Ten years after the attack on the Cole

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LISA MULLINS: I'm Lisa Mullins and this is The World, a co-production of the BBC World Service, PRI and WGBH in Boston. Ten years ago today, two al-Qaeda militants steered a small boat alongside the USS Cole. The American naval destroyer was refueling in the port of Aden, in Yemen. The two militants detonated a bomb that tore through the ship's hull. 17 US sailors were killed. Dozens more were seriously wounded. For three days following the attack, surviving crewmembers fought to free their shipmates from the wreckage and to keep the ship from sinking. Reporter Jordana Gustafson has their stories.

JORDANA GUSTAFSON: Executive officer, Chris Peterschmidt, had to get his wits about him fast. Peterschmidt was second-in-command on the Cole. And he had urgent and competing concerns.

CHRIS PETERSCHMIDT: We had to cut power to those cables. We had to get firefighting foam onto those puddles of gasoline. We had to make sure that all the hatches and temporary bulkheads that we could create were stopping the flooding from progressing into the rest of the ship.

GUSTAFSON: Peterschmidt ordered crewmembers near him to break out their weapons and set up a security detail on the main deck. For the next 90 minutes, sailors worked to find, extricate, and triage 39 of their most critically wounded shipmates.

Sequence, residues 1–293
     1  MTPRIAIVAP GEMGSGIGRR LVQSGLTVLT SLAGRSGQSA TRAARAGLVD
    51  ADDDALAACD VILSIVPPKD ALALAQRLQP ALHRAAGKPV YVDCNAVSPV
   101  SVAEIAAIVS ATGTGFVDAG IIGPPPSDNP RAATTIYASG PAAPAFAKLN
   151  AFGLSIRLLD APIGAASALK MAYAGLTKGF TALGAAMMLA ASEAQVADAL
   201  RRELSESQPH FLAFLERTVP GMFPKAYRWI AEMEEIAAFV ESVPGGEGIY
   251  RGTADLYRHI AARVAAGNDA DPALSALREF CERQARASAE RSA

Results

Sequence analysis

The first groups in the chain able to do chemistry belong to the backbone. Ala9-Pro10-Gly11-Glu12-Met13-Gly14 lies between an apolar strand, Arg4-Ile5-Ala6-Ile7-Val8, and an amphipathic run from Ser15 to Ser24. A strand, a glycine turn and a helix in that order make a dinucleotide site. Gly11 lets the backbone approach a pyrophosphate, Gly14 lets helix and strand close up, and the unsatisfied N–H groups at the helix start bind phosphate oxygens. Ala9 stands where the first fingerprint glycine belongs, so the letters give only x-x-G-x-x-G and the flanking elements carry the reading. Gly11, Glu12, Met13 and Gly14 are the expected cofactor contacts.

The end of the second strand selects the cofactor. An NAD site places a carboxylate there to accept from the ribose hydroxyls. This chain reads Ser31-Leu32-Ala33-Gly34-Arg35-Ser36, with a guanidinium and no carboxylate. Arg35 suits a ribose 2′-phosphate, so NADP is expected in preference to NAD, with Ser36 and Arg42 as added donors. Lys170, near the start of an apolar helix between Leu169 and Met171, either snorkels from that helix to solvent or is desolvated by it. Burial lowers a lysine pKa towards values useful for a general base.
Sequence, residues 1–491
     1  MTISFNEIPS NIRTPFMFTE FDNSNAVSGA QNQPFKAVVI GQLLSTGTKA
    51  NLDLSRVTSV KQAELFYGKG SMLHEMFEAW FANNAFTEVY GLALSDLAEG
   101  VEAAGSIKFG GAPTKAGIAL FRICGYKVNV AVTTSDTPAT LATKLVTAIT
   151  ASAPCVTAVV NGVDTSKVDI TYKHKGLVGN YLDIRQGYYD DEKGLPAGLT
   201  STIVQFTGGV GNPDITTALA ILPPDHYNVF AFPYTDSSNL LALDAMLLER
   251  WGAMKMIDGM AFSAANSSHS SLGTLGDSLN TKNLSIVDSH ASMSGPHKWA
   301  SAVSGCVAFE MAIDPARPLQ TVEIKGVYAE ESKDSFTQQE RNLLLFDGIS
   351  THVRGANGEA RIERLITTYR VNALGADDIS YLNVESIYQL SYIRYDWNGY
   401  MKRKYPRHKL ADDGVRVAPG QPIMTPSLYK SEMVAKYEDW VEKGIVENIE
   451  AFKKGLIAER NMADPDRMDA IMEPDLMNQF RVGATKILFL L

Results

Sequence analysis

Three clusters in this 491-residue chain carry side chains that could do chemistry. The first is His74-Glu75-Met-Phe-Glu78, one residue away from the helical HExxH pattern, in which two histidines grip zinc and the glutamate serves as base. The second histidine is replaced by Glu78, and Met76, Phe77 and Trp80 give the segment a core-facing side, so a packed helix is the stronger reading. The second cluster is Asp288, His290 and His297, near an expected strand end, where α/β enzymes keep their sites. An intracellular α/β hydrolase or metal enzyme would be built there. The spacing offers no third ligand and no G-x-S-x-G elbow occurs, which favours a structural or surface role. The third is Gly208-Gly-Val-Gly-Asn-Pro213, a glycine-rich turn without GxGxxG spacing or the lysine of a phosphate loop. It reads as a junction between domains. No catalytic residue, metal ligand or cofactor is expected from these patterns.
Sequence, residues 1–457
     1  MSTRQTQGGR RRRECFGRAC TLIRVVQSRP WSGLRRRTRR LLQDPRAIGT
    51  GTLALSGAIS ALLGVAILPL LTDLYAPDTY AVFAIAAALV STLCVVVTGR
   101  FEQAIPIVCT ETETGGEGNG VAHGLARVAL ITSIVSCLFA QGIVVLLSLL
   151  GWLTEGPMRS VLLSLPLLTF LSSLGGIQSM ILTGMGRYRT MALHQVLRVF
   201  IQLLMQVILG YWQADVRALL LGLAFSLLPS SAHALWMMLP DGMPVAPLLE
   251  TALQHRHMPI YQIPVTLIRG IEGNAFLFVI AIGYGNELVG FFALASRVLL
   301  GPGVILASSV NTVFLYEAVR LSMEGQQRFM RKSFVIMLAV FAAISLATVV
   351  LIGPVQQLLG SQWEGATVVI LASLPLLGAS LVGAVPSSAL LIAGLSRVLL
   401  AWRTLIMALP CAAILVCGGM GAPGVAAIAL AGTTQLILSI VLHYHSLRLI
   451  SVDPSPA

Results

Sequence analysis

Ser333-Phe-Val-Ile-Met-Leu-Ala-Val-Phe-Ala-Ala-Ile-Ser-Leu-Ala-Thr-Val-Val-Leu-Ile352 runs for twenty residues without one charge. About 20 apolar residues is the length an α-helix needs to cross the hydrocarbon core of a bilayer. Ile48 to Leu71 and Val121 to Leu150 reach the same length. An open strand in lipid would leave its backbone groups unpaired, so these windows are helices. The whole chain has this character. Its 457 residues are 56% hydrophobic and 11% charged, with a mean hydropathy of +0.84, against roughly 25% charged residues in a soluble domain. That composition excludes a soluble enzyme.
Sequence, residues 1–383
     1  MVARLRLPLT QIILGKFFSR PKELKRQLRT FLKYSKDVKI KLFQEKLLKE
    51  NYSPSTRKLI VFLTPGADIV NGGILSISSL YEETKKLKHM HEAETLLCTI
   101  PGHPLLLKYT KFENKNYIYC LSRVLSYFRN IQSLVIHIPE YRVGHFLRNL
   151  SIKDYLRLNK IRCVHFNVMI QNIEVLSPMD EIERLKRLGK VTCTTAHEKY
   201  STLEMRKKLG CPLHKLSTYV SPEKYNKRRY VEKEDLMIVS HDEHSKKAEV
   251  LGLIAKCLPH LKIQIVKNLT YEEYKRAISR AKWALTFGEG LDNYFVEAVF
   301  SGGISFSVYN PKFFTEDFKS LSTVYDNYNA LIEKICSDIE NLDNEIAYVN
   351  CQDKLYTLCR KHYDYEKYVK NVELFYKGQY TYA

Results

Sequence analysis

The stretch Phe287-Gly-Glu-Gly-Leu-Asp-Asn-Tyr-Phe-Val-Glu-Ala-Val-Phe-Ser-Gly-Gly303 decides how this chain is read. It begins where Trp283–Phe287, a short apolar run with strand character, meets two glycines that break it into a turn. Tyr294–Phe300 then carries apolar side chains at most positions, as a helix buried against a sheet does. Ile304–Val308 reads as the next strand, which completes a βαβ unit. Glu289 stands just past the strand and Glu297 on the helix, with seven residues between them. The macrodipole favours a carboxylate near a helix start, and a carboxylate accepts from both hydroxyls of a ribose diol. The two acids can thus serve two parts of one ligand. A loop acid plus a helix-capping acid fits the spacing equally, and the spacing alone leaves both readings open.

PETERSCHMIDT: And then once the wounded were taken to a medical facility, the marathon started. And that was really trying to stop the spread of damage.

GUSTAFSON: They had to stop the spread of damage that threatened to sink the ship.

PETERSCHMIDT: Fighting that damage became, for us, fighting those unseen terrorists who had caused the situation we were in. For us, our battlefront was stopping that water from coming in. And we would go to the maximum length possible not to give up that fight.

GUSTAFSON: Below deck, temperatures reached 130 degrees. Food and water were in short supply. Sleep was scarce, and hygiene was poor. And the specter of their dead comrades still mangled in the wreckage, hung above them.

PETERSCHMIDT: By that third night, the crew was really starting to get to a point of just extreme fatigue.

GUSTAFSON: But their efforts were paying off. Engineers got one of the generators to work, and they were successfully pumping water out of flooded spaces. Peterschmidt and Captain Kirk Lippold ordered some of the crew to sleep. Chris Regal was hull technician, second class. He sat down on the flight deck.

CHRIS REGAL: Just trying to relax and take a break and just gather my thoughts. And then that's when it happened.

OVERTURF: Then the call comes out.

GUSTAFSON: Lieutenant J.G. Robert Overturf.

OVERTURF: Flooding, flooding, flooding. We've got flooding.

GUSTAFSON: The one surviving generator had stopped working. Power to the ship was cut. Pumps shut down. Water rushed in.

PETERSCHMIDT: And all the progress we had made in the two days beforehand almost all but evaporated. And so we were at that ragged edge of, in our minds, losing the ship.